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Exploring Cow Bay and walking along the Atlin Terminal Boardwalk in Prince Rupert




Fukusaku, in the northwest fishing hub of Prince Rupert, is a cozy, 14-seat seafood and sushi restaurant. Set on the waterfront, with a view of Cow Bay, this tiny establishment is big on details: The dining room’s cedar tables and chairs are works of art, constructed without the use of nails. 

The restaurant focuses on sustainability, and Chef Dai Fukasaku’s strong connection with local fishers and fisheries ensures high quality while reducing the restaurant’s carbon footprint. “I wanted to set an example of what a restaurant could accomplish using only the freshest, sustainably caught seafood from our province,” says Dai. “I believe in local consumption. It is eco-friendly in terms of reducing CO2 emissions as it is the least-travelled food, it contributes to the local economy as well as fisheries. And the bottom line—it’s delicious.” 

Local favourites include octopus sunomono, a pescatarian ramen, and a broiled, line-caught BC black cod marinated for seven days in a housemade maple miso. Fukusaku has also expanded to include a market, offering local seafood, signature sauces and marinades, and other delicious, sustainably harvested fare for purchase.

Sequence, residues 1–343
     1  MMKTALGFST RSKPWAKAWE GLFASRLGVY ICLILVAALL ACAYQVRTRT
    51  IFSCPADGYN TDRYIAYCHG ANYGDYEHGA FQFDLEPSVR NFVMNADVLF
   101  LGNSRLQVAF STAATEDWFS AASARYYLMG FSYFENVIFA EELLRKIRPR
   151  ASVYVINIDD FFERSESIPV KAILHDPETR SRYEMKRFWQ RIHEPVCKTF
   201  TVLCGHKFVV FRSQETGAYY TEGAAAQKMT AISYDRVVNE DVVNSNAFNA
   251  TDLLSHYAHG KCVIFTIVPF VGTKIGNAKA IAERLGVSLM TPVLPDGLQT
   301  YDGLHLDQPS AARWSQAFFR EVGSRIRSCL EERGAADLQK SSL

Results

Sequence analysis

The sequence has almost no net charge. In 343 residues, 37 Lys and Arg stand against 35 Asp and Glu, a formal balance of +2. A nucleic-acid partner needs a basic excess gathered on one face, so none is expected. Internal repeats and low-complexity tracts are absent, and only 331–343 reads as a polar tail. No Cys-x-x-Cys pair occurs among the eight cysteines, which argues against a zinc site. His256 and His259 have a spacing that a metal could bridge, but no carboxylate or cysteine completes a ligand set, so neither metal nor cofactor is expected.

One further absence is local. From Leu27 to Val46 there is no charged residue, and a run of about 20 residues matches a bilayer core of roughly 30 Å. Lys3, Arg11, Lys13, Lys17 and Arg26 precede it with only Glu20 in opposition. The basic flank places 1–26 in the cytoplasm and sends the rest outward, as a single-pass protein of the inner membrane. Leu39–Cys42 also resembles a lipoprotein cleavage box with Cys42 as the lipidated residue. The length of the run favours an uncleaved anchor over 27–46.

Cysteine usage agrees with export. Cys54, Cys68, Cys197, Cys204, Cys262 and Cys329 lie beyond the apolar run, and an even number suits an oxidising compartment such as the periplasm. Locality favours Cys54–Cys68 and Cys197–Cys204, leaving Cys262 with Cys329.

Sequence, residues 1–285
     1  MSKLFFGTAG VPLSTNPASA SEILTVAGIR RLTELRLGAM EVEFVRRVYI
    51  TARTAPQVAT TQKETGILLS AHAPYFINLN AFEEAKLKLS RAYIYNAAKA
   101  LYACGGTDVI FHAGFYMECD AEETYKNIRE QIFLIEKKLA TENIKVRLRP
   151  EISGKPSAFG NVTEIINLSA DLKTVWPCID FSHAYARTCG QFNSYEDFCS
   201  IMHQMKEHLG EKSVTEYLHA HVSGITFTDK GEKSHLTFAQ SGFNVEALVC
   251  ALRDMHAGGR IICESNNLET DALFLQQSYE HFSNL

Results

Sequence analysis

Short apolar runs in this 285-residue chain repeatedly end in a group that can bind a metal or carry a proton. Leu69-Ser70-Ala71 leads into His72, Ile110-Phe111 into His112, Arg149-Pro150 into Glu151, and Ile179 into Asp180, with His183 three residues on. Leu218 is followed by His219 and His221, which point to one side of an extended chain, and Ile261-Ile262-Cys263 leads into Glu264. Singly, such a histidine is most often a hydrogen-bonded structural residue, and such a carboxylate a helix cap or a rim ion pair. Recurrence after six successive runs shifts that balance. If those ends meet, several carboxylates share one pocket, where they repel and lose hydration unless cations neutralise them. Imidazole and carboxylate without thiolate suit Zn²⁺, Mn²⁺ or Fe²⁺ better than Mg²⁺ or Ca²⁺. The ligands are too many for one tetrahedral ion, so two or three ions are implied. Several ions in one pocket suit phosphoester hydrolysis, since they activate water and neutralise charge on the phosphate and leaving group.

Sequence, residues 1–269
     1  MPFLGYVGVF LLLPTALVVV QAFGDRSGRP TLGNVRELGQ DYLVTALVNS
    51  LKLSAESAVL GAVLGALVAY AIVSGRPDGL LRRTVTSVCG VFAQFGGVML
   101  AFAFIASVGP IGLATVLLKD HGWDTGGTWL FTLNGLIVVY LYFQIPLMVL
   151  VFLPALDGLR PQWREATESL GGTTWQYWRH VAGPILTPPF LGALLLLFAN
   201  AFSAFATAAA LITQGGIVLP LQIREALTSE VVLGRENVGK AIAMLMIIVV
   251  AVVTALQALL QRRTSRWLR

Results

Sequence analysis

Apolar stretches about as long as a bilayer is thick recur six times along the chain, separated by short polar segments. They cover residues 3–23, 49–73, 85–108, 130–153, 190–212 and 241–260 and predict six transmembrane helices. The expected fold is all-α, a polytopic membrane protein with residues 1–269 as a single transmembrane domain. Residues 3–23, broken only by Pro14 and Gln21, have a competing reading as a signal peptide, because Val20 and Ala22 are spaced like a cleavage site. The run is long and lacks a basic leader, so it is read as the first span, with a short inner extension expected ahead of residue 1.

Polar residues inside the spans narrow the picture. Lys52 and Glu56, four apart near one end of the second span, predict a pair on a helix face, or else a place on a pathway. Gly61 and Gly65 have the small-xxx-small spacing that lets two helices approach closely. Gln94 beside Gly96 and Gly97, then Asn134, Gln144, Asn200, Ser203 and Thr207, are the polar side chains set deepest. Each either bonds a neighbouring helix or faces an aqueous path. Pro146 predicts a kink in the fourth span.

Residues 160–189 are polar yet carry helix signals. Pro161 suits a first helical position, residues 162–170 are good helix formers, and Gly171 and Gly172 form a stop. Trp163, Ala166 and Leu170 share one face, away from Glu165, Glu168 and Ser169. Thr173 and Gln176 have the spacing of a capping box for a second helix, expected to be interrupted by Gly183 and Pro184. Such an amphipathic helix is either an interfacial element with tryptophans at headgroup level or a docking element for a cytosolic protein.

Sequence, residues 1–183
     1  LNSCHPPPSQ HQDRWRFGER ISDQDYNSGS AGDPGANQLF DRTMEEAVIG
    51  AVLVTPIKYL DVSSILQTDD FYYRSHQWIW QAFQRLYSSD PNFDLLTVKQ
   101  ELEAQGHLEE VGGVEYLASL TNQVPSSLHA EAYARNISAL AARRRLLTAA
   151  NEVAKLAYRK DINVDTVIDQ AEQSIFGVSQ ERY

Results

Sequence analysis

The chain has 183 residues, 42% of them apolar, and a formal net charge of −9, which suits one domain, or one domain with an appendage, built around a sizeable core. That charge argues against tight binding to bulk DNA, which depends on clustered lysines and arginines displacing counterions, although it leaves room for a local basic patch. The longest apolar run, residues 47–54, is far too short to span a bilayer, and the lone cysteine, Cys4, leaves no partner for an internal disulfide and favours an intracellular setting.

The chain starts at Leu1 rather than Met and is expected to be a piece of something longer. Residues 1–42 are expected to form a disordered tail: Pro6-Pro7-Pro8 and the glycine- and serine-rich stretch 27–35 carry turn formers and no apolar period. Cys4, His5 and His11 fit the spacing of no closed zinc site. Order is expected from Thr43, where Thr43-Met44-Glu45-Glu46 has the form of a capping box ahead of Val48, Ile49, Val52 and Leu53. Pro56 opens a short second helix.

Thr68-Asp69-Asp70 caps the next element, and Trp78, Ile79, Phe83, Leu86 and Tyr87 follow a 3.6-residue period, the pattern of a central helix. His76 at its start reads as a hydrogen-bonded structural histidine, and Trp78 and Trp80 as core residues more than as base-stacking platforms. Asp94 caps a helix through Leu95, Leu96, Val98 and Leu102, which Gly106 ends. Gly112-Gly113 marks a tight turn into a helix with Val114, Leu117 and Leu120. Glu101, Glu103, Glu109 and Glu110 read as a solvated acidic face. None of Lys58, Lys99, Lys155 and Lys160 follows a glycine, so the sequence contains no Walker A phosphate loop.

Photo credit: Destination BC


215 Cow Bay Road
Prince Rupert, BC
V8J 1A2

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  • MondayClosed
  • Tuesday12 – 1:30 PM
  • Wednesday5 – 7:30 PM
  • Thursday5 – 7:30 PM
  • Friday5 – 7:30 PM
  • Saturday5 – 7:30 PM
  • SundayClosed

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About British Columbia

In Canada’s westernmost province, fresh local bounty, talented chefs, and a melting pot of cultures combine to make British Columbia a top culinary destination. It’s a rich tapestry supported by farmers, growers, and producers whose ingredients shape menus in communities along the Pacific Ocean, in the Rocky Mountains, and everywhere in between.

Here, Indigenous cultures who have been nurturing the land for millennia showcase traditional offerings with a modern twist. Other multicultural influences inspire chefs and artisan food producers to blend local ingredients with global flavours. Dishes also vary widely, depending on place, creating distinctive regional dining scenes—from wild salmon sushi in Tofino to down-home guest ranch cooking in the Cariboo to delicate dim sum in Richmond. 

Victoria, the province’s capital, boasts more restaurants per capita than almost anywhere else in Canada, while Vancouver, BC’s most populous city, was recently recognized with several MICHELIN Stars, further elevating the city’s reputation as an international dining destination. Wine touring, spirits, and local beer are hugely popular here, too, in the Fraser Valley near Vancouver, on Vancouver Island, and especially along the Okanagan Valley lakeside, where seasonal pours provide the perfect finish to a day of hiking, biking, and swimming.

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